On what basis are we accepted before God? In Luke 17:1-10, Jesus says his followers are unworthy servants. God owes us nothing and we owe him everything because he has accepted us by grace through faith alone. Hearing him, the disciples ask Jesus to increase their faith but they – and we – don’t need more faith so much as true faith. Having been forgiven, we forgive others – not to impress anyone but merely having “done what was our duty” (v10).
Prayer is something that should be fundamental to every Christian, yet we often neglect prayer while also taking prayer for granted (1 John 1:5-2:2). In this message, Ryan Smith reminds us again of the amazing provision that enables us, sinners, to come before a holy and righteous God, with confidence, and call on him as our Father (Mark 14:32-42). The good news transforms our understanding of prayer!
There’s something about love that means that thousands of songs are written about it and everyone seems to want it! In 1 Corinthians 13:1-13, the Apostle Paul speaks about love quite extensively in a well-known text that has been used at many a wedding, but what he has to say really applies in the first instance to the church at Corinth, who had forgotten that the grace of love is better than any spiritual gift. And what he wrote was really for the church to put into practise – in loving each other – and loving in the way that Jesus loved the church, by laying down His life for her. Ultimately, our lack of love or lovelessness, is because we have moved far away from the cross – where we learn what love really is.
Song: 10,000 Reasons
05:35 Bible reading: Ephesians 4:17-5:2
Song: Behold our God
08:18 Mission Spot
11:46 Bible reading: 1 Corinthians 13:1-13
13:55 Sermon: 1 Corinthians 13:1-13
Song: When I Survey
The Christian Church has been long divided over whether or not the children of Christians should receive the sacrament of baptism or not. As a Presbyterian Church we believe they should, and that the covenant promises of God to Abraham still stand. While this is an important aspect of what we believe, it is still not the gospel and not worth breaking faith over. Even so, God’s promise of salvation is to ‘you and your children’ (Acts 2:39)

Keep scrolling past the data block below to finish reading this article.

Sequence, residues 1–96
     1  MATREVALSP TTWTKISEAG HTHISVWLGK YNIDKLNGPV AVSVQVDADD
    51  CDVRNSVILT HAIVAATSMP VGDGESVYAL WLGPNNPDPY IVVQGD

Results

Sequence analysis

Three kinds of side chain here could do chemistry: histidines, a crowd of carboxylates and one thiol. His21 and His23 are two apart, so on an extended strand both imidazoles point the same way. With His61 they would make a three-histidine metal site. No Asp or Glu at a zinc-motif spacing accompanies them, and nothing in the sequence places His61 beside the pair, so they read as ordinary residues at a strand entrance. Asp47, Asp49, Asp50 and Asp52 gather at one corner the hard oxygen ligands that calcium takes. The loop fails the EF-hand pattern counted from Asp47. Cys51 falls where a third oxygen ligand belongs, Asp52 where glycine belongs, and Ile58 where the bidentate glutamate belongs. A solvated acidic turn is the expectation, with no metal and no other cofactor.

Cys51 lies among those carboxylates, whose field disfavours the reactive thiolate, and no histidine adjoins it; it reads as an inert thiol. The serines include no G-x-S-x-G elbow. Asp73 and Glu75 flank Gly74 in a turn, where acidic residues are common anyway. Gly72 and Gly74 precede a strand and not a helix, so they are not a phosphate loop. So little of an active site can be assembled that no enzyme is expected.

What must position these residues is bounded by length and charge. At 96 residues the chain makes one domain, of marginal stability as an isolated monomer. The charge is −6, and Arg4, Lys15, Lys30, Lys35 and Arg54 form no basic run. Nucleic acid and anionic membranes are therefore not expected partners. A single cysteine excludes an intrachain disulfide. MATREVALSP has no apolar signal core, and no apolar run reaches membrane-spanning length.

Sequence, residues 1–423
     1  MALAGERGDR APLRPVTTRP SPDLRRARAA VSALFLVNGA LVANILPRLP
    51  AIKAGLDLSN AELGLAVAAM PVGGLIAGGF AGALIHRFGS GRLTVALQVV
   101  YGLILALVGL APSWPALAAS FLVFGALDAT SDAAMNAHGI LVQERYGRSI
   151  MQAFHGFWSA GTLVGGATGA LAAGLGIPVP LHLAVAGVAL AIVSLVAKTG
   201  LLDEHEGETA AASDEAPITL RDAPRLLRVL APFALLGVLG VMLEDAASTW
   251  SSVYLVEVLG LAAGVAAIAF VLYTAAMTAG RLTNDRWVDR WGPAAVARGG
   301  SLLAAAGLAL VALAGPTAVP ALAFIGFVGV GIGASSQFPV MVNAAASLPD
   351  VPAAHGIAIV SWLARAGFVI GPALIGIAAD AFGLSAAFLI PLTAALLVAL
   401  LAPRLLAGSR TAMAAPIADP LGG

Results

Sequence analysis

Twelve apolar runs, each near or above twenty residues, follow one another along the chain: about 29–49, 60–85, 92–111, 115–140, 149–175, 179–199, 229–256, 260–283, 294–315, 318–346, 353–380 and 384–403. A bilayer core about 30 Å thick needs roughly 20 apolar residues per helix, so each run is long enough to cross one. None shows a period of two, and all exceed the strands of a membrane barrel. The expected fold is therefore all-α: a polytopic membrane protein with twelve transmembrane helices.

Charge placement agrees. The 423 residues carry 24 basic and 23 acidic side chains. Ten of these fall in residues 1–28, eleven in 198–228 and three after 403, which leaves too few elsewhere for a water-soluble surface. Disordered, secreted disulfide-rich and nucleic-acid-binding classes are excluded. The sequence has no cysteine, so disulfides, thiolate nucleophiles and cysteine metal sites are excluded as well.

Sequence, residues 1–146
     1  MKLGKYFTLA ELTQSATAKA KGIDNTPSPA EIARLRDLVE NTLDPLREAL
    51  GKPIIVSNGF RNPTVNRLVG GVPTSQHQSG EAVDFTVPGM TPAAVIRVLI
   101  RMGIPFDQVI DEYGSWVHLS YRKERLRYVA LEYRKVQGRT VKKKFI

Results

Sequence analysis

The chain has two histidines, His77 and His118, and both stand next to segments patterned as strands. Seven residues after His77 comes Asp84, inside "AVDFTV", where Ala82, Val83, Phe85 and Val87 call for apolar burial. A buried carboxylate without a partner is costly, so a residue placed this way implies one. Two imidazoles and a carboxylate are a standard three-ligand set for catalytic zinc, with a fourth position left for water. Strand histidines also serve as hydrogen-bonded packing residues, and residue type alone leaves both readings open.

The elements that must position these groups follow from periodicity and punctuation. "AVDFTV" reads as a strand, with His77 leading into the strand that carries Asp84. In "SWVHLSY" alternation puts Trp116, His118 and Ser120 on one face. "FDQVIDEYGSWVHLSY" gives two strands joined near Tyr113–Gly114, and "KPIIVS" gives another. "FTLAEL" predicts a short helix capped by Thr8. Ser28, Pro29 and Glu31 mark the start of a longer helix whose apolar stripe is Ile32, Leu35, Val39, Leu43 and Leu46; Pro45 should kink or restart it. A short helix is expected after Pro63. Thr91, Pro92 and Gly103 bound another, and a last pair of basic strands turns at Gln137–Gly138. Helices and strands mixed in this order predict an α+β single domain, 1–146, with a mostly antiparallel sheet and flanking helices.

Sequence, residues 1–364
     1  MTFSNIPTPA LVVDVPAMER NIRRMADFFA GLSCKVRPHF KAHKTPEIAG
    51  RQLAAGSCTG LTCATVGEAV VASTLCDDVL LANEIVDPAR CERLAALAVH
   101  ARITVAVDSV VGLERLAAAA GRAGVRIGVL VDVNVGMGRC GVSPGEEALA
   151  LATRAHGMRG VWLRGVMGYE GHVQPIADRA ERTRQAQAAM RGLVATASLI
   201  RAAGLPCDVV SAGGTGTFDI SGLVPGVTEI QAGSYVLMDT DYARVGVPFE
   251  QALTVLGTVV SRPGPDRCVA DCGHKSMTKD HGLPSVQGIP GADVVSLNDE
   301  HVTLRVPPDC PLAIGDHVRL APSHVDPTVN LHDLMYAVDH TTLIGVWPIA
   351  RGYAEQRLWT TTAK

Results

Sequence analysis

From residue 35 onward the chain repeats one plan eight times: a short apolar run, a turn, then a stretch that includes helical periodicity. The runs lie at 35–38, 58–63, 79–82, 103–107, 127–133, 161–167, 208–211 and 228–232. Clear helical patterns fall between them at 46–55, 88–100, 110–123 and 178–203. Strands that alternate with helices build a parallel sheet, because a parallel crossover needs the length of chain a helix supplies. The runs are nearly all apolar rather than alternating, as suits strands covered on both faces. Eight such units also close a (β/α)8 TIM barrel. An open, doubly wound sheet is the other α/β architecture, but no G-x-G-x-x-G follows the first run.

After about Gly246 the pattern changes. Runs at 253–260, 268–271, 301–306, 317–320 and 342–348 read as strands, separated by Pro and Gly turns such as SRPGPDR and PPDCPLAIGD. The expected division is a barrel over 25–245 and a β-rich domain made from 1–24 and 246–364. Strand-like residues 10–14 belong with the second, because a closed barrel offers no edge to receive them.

Song: Come People of the Risen King
05:28 Bible reading: Genesis 17:1-26
10:20 Mission Spot
Song: He Will Hold Me Fast
13:34 Bible reading: Acts 2:14-41
Song: O Lord my Rock
18:17 Sermon: Understanding covenant baptism (Acts 2)
Song: Marvellous Grace
Psalms 132,133 and 134 are three psalms that are linked by a common theme of being part of the ‘songs of ascent’ that were sung by the people of Israel going up to Jerusalem. Psalm 132 highlights that the city of Jerusalem was the city where God’s King lived. Psalm 133 celebrates the unity of the people of God in that city, and Psalm 134’s focus is upon the worship of God’s Name that happened there by day and night. Heaven will be all this and more for God’s people upon a ‘pilgrim journey’ to that heavenly city. (First preached March 2013)
Bendigo Presbyterian will be meeting in person this week, 21 February. Our radio service podcast will also continue on 105.1 Life FM from 9.30am. Please continue to pray for those who are sick, vulnerable and our medical workers and leaders, and the roll out of vaccines, asking that the virus will continue to be contained.
We are constantly bombarded with news, but what our world really needs to hear is truly good news! Mark wrote his gospel to give us the truly good news of Jesus the God-Man king, who came to conquer Satan, Sin and death (Mark 1:1-15). This is amazing news that when understood rightly will turn your life around. Will you believe it?
“You cannot serve God and money.” Jesus illustrates his teaching in Luke 16:10-31 with a story about a rich man and a poor man who live very different lives and come to very different lives after death. The warning is not only for those who are rich, yet poor toward God but also a warning to heed the Scriptures.
In Luke 16, Jesus tells another parable where an unjust steward—or dishonest manager—wasted his master’s possessions. This reminds us of the parable of the prodigal son (Luke 15:11-32) where in the far county he wasted his inheritance in reckless living. Yet here the steward is commended as wise since “the sons of this world are more shrewd in dealing with their own generation than the sons of light”. Our Lord would have us be exceptions to the rule by using our wealth wisely and making friends for ourselves by mean of unrighteous wealth, so that they may receive us into the eternal dwellings. Heaven cannot be bought – but we can invest for eternity.
Is that all there is? For the Christian there is more and a great hope. While we wait, how is our focus? Fixed on the distance or stuck on foreground? In 2 Peter 3:1-13, Peter warns that there will be scoffers, just as always. Are we waiting like Joshua and Caleb (Numbers 13) or like the other ten?
To-morrow, and to-morrow, and to-morrow,— William Shakespeare, Macbeth (Act 5, Scene 5)
Creeps in this petty pace from day to day,
To the last syllable of recorded time;
And all our yesterdays have lighted fools
The way to dusty death.
Out, out, brief candle!
Life is but a walking shadow, a poor player
That struts and frets his hour upon the stage
And then is heard no more. It is a tale
Told by an idiot, full of sound and fury